5. There are some really committed and capable people in and moving into community leadership. I’m very impressed with the earnestness and ability of the people I had the pleasure of meeting and talking with during Leadership Day and afterwards. I’ve only gotten to know the leadership of Toronto, Philadelphia, Carolina, and Southeastern Michigan at all well. What I’m seeing in those chapters is encouraging and demonstrates a desire to serve their members and to  strengthen STC as a whole. They’re not in it for their own glory. They’re in it to make us better.
  6. Leadership Day provides a foundation of knowledge and, more importantly, connections for new community leaders. I can’t overstress the importance of Leadership Day for the new and current leaders. Last year, I found the sessions explaining the intricacies of community leadership for new leaders absolutely critical to moving our chapter forward. This year I was able to participate in the progressions where community leaders shared their insights for success (and their struggles), providing sparks for new ideas and solutions for overcoming common, but vexing issues we face. Although I didn’t know it at the time, the connections I made at Leadership Day last year became my chief contacts in discussing issues and opportunities at the community level.
  7. MySTC can play a key role in strengthening community. MySTC provides a social networking platform on which members (and invitees) can share ideas, “friend” each other, create discussion and task groups, share photos and videos, and CONNECT with other members. We’re still figuring out how to use it. It’s not perfect, but it’s really great to have an easy way to connect with members outside and inside our current communities. The innovators among us will jump in and determine ways for us to work collaboratively.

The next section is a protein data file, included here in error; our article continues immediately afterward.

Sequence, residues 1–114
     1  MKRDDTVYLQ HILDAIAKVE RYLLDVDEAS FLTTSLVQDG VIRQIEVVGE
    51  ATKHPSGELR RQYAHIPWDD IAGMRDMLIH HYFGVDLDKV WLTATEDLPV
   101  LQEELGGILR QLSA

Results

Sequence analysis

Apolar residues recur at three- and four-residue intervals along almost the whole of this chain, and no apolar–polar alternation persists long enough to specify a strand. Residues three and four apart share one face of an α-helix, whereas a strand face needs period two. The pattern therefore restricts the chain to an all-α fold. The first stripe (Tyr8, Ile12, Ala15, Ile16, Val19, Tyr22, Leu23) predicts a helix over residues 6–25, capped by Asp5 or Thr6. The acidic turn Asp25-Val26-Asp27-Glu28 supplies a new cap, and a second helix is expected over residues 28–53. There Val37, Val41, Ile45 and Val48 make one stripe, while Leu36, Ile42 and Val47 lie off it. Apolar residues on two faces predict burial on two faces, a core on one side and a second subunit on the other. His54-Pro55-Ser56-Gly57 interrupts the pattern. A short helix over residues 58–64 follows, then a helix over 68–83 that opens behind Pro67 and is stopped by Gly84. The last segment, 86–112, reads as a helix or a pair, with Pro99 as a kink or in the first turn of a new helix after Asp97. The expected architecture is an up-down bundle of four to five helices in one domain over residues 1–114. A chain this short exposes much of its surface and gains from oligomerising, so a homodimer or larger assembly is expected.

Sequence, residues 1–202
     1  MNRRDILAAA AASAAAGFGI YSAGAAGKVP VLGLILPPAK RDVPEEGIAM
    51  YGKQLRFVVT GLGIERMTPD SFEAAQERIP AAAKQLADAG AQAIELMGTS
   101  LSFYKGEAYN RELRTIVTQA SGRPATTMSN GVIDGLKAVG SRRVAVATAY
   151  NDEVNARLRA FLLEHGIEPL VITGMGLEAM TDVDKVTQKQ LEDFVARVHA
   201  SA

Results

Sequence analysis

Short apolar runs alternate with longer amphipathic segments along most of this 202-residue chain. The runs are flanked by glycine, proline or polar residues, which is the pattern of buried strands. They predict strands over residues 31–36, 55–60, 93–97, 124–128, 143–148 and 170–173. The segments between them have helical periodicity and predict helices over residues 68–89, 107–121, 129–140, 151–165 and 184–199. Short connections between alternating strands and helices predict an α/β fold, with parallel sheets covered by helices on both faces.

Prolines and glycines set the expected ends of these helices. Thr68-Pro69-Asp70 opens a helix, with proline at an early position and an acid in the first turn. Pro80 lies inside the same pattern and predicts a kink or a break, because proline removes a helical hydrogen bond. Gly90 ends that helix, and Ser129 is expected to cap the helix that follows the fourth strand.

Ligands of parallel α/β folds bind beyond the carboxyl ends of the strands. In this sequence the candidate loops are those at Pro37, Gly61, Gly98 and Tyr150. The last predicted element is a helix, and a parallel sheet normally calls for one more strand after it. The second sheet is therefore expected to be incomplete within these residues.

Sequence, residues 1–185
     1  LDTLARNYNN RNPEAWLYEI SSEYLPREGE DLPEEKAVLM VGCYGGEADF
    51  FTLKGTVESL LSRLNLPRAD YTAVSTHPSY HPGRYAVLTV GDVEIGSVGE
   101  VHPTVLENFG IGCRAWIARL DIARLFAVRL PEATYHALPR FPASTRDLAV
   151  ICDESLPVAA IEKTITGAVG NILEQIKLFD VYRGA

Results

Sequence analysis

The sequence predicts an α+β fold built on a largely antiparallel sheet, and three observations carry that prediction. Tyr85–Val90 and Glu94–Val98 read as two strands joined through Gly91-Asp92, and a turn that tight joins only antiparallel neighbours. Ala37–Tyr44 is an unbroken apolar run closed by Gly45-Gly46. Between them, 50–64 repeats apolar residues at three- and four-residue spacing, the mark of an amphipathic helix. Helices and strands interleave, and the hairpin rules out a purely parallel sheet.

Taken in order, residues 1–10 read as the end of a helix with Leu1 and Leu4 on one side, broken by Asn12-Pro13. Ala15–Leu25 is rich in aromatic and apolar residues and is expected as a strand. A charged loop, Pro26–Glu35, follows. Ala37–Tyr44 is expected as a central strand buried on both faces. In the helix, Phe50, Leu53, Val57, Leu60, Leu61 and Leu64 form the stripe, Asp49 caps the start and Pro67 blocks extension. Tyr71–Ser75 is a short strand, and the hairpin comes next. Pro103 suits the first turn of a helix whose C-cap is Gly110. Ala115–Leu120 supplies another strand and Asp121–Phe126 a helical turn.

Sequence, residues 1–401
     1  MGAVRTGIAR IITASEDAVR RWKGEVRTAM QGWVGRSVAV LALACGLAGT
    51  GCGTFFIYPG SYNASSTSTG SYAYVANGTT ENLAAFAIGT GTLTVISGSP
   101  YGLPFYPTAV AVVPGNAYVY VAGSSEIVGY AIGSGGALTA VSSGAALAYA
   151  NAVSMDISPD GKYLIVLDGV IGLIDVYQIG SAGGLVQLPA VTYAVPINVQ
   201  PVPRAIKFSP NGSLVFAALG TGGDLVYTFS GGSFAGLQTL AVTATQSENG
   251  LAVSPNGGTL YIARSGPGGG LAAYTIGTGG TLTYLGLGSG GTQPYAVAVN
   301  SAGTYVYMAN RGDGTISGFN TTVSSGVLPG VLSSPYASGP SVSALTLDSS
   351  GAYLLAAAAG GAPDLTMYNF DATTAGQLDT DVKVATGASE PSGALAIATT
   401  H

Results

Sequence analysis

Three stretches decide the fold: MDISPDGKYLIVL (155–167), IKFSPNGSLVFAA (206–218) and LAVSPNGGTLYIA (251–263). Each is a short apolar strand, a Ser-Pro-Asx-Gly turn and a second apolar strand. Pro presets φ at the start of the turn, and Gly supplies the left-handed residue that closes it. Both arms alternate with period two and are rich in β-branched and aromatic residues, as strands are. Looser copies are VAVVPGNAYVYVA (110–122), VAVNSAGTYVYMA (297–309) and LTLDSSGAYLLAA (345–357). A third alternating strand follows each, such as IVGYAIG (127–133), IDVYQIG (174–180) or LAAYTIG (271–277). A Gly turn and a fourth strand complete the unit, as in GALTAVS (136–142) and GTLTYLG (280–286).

8. The vote on student membership rights at the business meeting was profound. Student members of STC were never enfranchised to vote in international elections, although their rights varied at the community level. The business meeting saw discussion and a vote on a proposed amendment to give them the vote. The proponents for student voting rights spoke passionately when presenting their arguments for passage of the student voting amendment. Opponents, although fewer, were articulate in their defense of the status quo. The amendment required a two-thirds vote of the members present. The amendment passed handily and the atmosphere in the room was charged. I did not expect the feeling of accomplishment we had when the amendment was approved.